44. The smartphone system of claim 38 in which said processor is adapted, by said stored configuration data, to cause the watermark detection system to (iii) be inactive, and not extract first watermark payload data from said first media content, nor present to the user the first or second auxiliary data, when the wireless beacon sensor outputs payload data transmitted from a third beacon.
45. A smartphone system for operation by a user, including: a media sensor system comprising a microphone and a camera; a watermark detection system selectively operable to extract watermark payload data from visual or audio media content sensed by the media sensor system; a wireless beacon sensor operative to extract beacon payload data from beacon radio signals transmitted in the 2.4-2.485 GHz band; a memory identifying plural physical items stocked for sale in a retail store; and a processor configured to adapt operation of the system based on said items identified in the memory, the processor being adapted to query a remote data store for beacon IDs corresponding to said items, and to respond to said beacon IDs and ignore others.
RELATED APPLICATION DATA
 This application claims priority to provisional application 62/012,239, filed Jun. 13, 2014, the disclosure of which is incorporated herein by reference.
BACKGROUND AND INTRODUCTION
 The present technology concerns beacons, and related improvements. One type of popular beacon is termed BLE, for Bluetooth Low Energy (also sometimes known as Bluetooth Smart). These devices are small, battery powered devices that emit a low power (e.g., 10 mw or less, sometimes 1 mw or less) signal in the 2.4-2.485 GHz ISM frequency band. The signal typically conveys a plural-bit identifier, which is established by data stored in a memory of the beacon. In some devices, the memory is rewriteable. Some beacons also include sensors (e.g., accelerometer and temperature sensors), and data from the sensor(s) is among the information encoded in the transmitted signal.
 In many applications, after a consumer device senses the beacon's plural bit identifier, it consults a data structure (e.g., a table or database) to obtain associated information or metadata, such as what action should be taken in response to detection of that beacon. This data structure may be part of the consumer device, or it may be remote, e.g., the identifier may be sent to a remote server, and the associated information is then returned to the consumer device from the server.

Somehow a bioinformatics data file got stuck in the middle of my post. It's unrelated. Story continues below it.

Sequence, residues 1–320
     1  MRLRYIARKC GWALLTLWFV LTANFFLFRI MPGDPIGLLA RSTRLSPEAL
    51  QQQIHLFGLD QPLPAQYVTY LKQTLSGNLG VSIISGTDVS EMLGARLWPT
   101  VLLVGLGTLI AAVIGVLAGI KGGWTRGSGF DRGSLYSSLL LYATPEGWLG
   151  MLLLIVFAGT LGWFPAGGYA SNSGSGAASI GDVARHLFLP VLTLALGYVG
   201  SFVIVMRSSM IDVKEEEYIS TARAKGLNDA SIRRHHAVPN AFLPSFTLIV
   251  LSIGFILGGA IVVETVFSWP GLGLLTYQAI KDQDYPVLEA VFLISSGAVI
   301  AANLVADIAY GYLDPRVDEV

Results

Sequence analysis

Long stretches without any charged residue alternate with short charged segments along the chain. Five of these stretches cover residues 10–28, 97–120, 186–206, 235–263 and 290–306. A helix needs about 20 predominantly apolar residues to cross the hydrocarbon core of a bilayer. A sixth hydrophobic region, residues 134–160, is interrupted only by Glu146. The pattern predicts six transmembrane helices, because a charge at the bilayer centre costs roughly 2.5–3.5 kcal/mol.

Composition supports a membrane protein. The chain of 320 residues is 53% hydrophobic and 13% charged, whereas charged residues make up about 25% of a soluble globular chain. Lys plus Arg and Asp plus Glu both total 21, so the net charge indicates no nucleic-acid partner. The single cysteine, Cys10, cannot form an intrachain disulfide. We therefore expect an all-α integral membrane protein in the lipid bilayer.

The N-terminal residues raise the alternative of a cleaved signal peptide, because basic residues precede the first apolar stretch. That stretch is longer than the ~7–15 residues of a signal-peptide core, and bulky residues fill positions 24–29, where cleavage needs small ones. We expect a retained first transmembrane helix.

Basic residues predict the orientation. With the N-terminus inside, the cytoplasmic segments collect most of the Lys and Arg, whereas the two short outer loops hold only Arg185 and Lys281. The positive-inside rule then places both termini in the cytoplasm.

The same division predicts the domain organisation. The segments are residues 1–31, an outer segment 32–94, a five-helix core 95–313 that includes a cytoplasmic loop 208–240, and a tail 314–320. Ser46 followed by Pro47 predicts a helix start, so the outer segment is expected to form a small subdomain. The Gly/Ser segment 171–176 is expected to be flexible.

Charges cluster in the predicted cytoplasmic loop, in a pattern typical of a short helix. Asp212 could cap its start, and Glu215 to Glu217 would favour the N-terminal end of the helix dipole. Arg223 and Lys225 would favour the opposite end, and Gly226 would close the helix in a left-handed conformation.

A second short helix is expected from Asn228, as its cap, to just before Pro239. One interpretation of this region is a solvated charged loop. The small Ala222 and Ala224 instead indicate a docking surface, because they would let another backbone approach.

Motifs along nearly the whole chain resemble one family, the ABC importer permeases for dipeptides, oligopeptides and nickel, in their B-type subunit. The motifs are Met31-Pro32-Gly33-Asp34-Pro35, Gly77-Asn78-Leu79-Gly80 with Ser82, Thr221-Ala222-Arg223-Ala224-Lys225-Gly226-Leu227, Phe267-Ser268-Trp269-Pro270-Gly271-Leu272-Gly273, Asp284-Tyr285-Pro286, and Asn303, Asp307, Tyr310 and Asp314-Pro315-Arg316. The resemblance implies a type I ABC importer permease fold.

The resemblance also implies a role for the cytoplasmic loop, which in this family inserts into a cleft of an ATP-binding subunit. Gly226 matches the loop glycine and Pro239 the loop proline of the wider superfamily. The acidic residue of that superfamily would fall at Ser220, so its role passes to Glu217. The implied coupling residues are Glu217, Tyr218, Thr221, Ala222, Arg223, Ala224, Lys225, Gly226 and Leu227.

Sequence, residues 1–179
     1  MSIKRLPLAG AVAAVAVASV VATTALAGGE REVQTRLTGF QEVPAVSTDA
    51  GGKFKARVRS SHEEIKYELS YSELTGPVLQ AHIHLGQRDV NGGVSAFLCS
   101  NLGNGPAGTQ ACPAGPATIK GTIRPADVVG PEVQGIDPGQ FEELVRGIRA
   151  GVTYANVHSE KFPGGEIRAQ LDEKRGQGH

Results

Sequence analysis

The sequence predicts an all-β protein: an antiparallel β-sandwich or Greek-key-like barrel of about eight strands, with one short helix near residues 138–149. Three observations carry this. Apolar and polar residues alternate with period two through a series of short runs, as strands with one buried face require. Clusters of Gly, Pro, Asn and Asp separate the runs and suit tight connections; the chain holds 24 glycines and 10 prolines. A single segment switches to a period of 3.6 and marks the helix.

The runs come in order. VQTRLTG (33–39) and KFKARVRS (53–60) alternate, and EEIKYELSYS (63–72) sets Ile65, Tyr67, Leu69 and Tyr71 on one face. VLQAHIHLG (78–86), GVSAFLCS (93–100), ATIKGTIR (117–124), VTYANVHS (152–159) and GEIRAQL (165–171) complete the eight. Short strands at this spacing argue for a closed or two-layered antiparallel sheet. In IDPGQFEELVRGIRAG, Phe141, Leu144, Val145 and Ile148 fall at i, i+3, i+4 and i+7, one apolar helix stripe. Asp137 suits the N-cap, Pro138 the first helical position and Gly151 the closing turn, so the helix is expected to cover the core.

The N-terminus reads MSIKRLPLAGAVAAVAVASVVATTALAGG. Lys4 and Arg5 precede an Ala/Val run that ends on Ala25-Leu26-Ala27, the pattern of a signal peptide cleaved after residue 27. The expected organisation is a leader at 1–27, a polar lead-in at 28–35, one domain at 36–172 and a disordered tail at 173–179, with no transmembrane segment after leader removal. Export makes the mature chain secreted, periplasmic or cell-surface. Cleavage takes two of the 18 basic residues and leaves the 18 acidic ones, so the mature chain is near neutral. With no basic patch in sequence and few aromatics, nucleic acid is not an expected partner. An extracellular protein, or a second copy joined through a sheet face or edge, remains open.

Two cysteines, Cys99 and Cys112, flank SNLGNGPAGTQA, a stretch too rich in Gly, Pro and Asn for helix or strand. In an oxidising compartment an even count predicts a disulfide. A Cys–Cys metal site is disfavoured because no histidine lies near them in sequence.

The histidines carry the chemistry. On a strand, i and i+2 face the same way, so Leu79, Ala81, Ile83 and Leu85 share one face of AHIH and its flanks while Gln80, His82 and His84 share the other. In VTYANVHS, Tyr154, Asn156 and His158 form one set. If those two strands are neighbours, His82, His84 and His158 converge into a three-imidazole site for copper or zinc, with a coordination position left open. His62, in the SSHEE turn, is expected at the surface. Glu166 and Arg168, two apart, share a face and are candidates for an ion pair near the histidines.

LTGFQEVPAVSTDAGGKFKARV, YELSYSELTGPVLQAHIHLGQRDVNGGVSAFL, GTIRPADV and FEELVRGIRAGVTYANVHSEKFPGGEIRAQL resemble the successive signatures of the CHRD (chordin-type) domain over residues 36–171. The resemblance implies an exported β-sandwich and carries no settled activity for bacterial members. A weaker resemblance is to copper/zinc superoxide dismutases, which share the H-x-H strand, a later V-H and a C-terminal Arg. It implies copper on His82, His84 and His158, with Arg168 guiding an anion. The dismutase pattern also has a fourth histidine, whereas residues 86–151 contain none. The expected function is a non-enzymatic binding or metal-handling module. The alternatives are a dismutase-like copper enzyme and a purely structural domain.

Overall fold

BLE technology was originally developed by Nokia, and marketed under the name Wibree. Its technical details are familiar to artisans and are reviewed, e.g., in the Wikipedia article for "Bluetooth Low Energy" and in Honkanen, et al, "Low End Extension for Bluetooth," IEEE Radio and Wireless Conference, 2004. The current standard governing the technology is the Bluetooth 4.2 Specification (available from the Bluetooth Special Interest Group body; the core of the spec is available at the https web site www<dot>Bluetooth<dot>org/en-us/specification/adopted-sp- ecifications/Core_v4.2.pdf.)
 BLE hardware is available from various suppliers, including Gimbal, Inc. and Estimote, Inc.
 Many consumer devices support BLE interaction, including Apple's iPhone, iPad, iPod devices running iOS7 or later. A number of applications for BLE have been proposed or implemented. These include:
 Offering short-duration discounts and other incentives to nearby shoppers and other visitors.
 Providing information and reviews about products on a given store shelf.
 Providing directional guidance, e.g., to seats in a sports stadium, or to exhibits in a museum.
 Personalized product recommendations, e.g., based on shopper history.
 Access to digital magazines newspapers and magazines in doctor offices and other waiting areas.
 Automated mobile tour guides in museums and other places.
 Control of home automation based on user presence.
 Toys that can react to location and other nearby toys.
 Alerting commuters at a bus station that their bus has arrived.
 Geofencing applications.
 Additional prior art information on beacon technology, including certain related applications, is detailed in Apple's patent publications, including U.S. Pat. No. 8,718,620, 20090215398, 20100198626, 20120117274, 20130078979, 20130203445, and 20140019367.